A nursing aide at a northern Minnesota assisted-living facility persuaded an elderly resident with memory problems to write 12 checks totaling more than $10,000 last year, then cashed them and apparently made off with the money, state Health Department investigators said Thursday.

St. Louis County prosecutors said they likely will decide later this month whether to charge the unnamed aide with felony theft, as police in Virginia, Minn., recommended. The aide was fired after the allegations surfaced last fall.

The aide was caring for a resident of the Edgewood Vista Virginia assisted-living facility -- the same home where Health Department investigators a month ago reported that three aides physically and emotionally abused some residents. The resident lived at the home for about two years and died last December.

In the earlier case, investigators said the aides pinched and slapped several elderly residents, called them abusive names and taunted one patient with dementia by saying her husband had died. The aides were fired. Police are still investigating that case.

In the case announced Thursday, state investigators determined that the aide financially exploited the resident between late May and late September last year. The aide persuaded the woman to write checks made out to her or to cash for groceries or Mary Kay cosmetics, even though the resident did not use cosmetics and ate all meals at the home, the report said.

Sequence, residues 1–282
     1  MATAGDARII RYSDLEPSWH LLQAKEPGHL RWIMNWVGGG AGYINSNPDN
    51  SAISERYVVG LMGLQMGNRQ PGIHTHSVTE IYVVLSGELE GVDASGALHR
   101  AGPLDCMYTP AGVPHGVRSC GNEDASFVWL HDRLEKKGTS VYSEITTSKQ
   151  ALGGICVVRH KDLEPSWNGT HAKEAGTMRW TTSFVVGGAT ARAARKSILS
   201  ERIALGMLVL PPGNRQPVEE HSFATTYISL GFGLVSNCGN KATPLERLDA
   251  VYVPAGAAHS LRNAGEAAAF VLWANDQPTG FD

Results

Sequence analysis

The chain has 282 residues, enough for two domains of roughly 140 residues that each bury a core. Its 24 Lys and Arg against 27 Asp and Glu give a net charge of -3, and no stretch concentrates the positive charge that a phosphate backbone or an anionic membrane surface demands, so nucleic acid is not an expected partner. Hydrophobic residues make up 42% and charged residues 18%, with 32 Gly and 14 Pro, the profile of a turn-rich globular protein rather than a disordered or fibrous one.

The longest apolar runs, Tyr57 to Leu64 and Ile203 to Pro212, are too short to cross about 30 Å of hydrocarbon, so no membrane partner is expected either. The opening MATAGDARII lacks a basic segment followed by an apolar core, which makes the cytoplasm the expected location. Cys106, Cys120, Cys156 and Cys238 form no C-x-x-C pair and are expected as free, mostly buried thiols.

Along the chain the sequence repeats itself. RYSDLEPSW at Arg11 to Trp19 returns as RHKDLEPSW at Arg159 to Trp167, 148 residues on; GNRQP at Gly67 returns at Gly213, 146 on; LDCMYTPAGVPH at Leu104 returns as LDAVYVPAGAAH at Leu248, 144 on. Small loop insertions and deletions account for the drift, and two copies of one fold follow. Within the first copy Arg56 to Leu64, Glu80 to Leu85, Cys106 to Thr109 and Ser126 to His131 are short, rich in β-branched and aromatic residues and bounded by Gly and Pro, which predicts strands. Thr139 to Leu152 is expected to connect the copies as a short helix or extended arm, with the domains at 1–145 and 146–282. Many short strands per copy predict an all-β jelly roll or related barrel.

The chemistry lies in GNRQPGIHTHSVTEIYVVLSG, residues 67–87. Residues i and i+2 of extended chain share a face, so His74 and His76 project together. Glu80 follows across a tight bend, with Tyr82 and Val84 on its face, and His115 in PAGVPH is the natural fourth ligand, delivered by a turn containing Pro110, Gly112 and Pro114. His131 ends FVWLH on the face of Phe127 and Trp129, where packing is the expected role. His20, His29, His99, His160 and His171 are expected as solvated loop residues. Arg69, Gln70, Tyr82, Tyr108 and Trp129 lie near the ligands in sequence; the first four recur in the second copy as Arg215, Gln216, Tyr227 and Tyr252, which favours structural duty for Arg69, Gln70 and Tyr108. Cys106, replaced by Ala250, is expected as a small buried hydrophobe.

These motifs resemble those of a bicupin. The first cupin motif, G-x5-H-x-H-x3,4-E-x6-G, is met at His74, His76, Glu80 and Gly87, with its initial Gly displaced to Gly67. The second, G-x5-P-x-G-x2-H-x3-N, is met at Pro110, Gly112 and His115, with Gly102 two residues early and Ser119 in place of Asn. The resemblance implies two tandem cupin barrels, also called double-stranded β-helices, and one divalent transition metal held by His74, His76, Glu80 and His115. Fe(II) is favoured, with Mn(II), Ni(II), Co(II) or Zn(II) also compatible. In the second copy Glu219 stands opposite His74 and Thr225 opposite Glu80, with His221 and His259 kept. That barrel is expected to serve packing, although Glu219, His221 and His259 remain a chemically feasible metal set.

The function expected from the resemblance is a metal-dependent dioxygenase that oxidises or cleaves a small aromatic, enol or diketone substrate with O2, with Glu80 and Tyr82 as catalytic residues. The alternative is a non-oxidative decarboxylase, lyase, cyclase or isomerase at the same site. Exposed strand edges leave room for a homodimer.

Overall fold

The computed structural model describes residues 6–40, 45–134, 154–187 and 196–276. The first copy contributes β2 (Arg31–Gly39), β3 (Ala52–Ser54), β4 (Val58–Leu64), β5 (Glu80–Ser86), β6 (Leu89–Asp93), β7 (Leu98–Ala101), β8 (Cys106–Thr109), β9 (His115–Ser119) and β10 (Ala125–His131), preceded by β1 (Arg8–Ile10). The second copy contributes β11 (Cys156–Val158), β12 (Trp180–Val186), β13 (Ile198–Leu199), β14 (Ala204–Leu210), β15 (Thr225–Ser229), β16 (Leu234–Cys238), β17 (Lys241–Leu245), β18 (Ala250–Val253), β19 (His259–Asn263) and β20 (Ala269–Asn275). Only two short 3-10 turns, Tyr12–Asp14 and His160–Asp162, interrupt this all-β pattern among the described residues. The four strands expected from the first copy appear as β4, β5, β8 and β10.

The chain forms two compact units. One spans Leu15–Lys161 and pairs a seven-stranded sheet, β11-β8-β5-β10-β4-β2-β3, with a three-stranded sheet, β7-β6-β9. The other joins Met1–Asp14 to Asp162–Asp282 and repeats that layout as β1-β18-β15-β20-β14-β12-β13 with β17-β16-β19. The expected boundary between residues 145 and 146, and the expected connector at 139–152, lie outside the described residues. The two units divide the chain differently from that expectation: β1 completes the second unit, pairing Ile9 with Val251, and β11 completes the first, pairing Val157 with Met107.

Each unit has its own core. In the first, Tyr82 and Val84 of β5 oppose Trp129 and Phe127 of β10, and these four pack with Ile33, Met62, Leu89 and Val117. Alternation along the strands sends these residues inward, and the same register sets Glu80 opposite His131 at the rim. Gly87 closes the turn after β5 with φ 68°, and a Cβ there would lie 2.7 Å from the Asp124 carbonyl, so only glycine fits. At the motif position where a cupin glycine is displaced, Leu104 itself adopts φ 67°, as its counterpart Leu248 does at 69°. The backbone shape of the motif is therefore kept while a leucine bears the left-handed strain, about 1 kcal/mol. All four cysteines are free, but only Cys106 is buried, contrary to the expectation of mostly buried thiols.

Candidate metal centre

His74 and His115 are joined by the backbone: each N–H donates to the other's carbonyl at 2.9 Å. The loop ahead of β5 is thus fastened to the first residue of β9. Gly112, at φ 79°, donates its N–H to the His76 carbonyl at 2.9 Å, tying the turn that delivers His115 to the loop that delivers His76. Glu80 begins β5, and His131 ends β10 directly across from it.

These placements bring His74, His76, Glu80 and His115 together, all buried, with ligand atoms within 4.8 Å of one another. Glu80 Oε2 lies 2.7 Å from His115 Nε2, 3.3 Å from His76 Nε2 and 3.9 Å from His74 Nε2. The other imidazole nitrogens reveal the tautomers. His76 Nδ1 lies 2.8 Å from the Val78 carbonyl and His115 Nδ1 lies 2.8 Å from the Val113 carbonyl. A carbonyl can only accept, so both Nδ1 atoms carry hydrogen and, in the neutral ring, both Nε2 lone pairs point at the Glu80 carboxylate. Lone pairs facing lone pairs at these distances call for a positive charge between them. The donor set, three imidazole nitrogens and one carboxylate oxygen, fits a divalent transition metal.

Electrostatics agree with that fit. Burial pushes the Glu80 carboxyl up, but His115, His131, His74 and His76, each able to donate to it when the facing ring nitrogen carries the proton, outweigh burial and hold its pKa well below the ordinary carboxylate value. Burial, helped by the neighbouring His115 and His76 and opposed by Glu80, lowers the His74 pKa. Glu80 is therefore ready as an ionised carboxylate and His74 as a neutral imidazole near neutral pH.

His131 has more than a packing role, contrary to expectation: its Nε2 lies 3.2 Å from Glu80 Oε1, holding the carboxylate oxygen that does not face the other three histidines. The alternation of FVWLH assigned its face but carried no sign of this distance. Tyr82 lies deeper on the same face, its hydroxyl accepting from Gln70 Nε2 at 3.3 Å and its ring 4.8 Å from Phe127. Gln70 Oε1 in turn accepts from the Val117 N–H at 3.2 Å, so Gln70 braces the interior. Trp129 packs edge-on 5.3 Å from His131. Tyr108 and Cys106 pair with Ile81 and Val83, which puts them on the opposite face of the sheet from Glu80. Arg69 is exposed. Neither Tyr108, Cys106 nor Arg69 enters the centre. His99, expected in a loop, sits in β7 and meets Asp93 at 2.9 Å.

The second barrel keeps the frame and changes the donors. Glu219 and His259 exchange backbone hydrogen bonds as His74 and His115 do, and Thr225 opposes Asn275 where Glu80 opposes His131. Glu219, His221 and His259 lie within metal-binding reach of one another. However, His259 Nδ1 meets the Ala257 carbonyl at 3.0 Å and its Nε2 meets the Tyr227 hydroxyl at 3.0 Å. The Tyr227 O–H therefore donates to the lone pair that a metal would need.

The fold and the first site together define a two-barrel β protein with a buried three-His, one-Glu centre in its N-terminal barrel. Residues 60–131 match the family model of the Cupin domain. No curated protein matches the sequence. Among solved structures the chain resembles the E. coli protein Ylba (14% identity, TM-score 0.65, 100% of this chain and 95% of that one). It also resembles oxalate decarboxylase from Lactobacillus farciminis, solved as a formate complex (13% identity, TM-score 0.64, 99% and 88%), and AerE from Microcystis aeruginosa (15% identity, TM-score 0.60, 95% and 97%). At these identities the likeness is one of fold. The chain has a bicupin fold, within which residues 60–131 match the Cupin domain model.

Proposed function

When police and officials of the home interviewed the resident, she did not remember either the aide or writing out the checks. The aide denied the allegations during police interviews, and could not be reached by Health Department investigators.

A family member who had power of attorney for the resident noticed the unusual checks, in amounts from about $300 to $3,000, and notified the home and police. The home notified the Health Department.

Paul Clark, Edgewood's administrator, said in a statement that the home now complies with state regulations and has cooperated with state and local authorities. Though it was not found at fault in the financial exploitation case, the home was cited in the earlier abuse case for inadequate procedures for internal reporting of suspected maltreatment by staff members.

The home is part of a chain of 14 assisted-living facilities in five states and based in Grand Forks, N.D.

Warren Wolfe • 612-673-7253